- A long-term relationship brings tensions as well as fulfilment. If your relationship with your partner is under strain, seek help in understanding the other’s point of view and in exploring your own feelings, which may be powerful and destructive. Consider the wishes and feelings of any children involved, and remember their enduring need for love and security. Seek God’s guidance. If you undergo the distress of separation or divorce, try to maintain some compassionate communication so that arrangements can be made with the minimum of bitterness.
- Do you recognise the needs and gifts of each member of your family and household, not forgetting your own? Try to make your home a place of loving friendship and enjoyment, where all who live or visit may find the peace and refreshment of God’s presence.
- Live adventurously. When choices arise, do you take the way that offers the fullest opportunity for the use of your gifts in the service of God and the community? Let your life speak. When decisions have to be made, are you ready to join with others in seeking clearness, asking for God’s guidance and offering counsel to one another?
- Every stage of our lives offers fresh opportunities. Responding to divine guidance, try to discern the right time to undertake or relinquish responsibilities without undue pride or guilt. Attend to what love requires of you, which may not be great busyness.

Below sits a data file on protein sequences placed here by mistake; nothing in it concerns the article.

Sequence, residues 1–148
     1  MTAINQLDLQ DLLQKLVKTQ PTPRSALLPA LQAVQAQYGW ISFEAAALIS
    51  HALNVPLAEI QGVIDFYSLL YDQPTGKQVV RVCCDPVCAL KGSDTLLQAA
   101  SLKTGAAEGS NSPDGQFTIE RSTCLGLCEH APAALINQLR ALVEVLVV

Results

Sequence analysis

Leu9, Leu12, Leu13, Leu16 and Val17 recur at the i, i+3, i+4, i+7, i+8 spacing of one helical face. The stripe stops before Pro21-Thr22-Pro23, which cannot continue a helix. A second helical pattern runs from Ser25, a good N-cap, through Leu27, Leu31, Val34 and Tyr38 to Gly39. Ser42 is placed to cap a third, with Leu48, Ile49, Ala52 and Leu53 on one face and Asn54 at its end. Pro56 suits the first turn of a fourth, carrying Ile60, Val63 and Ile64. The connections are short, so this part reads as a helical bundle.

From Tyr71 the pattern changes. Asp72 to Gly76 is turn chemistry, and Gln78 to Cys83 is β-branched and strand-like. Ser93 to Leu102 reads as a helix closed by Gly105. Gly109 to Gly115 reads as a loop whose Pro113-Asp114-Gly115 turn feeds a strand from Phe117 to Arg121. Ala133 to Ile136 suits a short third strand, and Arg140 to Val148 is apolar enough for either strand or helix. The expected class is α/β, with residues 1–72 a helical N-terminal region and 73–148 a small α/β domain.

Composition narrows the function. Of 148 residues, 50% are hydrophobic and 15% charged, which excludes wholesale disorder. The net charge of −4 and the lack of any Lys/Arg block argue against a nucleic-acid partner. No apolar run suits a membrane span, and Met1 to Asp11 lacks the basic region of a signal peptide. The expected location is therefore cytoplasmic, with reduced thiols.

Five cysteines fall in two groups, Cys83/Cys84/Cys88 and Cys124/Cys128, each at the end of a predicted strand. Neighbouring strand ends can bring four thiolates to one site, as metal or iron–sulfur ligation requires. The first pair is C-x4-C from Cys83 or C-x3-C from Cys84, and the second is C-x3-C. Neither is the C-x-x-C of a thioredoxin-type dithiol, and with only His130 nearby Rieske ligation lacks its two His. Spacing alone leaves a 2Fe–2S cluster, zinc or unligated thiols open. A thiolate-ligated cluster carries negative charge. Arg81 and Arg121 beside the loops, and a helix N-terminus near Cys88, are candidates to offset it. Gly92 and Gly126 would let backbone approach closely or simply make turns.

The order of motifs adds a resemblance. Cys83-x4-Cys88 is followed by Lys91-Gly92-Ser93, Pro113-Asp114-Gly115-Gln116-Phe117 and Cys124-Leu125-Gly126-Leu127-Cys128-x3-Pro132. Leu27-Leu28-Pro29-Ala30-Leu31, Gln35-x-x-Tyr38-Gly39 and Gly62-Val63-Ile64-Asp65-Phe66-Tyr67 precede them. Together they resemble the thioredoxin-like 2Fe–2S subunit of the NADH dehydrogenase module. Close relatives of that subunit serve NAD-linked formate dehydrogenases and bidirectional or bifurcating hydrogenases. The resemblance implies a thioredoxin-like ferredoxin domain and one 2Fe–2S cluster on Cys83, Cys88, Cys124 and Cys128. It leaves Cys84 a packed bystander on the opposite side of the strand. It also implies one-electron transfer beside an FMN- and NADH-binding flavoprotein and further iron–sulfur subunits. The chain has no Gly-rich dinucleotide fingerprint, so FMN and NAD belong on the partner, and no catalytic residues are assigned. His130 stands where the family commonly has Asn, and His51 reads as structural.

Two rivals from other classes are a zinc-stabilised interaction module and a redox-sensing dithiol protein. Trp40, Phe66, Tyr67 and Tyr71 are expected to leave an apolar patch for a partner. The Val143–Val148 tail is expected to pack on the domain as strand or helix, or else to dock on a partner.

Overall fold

- Approach old age with courage and hope. As far as possible, make arrangements for your care in good time, so that an undue burden does not fall on others. Although old age may bring increasing disability and loneliness, it can also bring serenity, detachment and wisdom. Pray that in your final years you may be enabled to find new ways of receiving and reflecting God’s love.
- Are you able to contemplate your death and the death of those closest to you? Accepting the fact of death, we are freed to live more fully. In bereavement, give yourself time to grieve. When others mourn, let your love embrace them.
- We are called to live ‘in the virtue of that life and power that takes away the occasion of all wars’. Do you faithfully maintain our testimony that war and the preparation for war are inconsistent with the spirit of Christ? Search out whatever in your own way of life may contain the seeds of war. Stand firm in our testimony, even when others commit or prepare to commit acts of violence, yet always remember that they too are children of God.
- Bring into God’s light those emotions, attitudes and prejudices in yourself which lie at the root of destructive conflict, acknowledging your need for forgiveness and grace. In what ways are you involved in the work of reconciliation between individuals, groups and nations?